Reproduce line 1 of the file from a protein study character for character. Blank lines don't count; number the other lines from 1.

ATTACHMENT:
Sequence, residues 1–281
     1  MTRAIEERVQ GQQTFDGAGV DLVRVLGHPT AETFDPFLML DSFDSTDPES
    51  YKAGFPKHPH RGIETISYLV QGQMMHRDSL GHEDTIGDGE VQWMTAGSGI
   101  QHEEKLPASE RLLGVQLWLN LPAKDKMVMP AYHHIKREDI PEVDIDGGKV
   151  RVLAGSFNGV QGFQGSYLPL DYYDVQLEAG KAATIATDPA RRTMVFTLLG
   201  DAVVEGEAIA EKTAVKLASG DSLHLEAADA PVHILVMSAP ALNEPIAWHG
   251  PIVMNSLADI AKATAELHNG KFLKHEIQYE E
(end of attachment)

Sequence, residues 1–281